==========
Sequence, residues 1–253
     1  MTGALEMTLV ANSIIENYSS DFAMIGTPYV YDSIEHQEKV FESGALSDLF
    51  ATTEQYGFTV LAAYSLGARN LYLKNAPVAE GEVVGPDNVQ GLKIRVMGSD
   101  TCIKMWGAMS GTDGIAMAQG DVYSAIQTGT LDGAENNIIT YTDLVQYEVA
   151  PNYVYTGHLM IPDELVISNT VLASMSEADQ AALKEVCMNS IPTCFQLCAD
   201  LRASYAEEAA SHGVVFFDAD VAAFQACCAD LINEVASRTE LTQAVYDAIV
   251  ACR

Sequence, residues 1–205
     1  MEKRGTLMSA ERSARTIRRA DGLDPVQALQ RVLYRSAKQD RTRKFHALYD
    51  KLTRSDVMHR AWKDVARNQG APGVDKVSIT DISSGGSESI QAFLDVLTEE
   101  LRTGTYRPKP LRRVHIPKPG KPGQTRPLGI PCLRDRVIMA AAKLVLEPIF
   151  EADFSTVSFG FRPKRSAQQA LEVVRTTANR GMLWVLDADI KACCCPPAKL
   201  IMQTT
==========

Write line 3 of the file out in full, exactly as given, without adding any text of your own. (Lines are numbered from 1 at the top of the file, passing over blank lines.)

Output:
    51  ATTEQYGFTV LAAYSLGARN LYLKNAPVAE GEVVGPDNVQ GLKIRVMGSD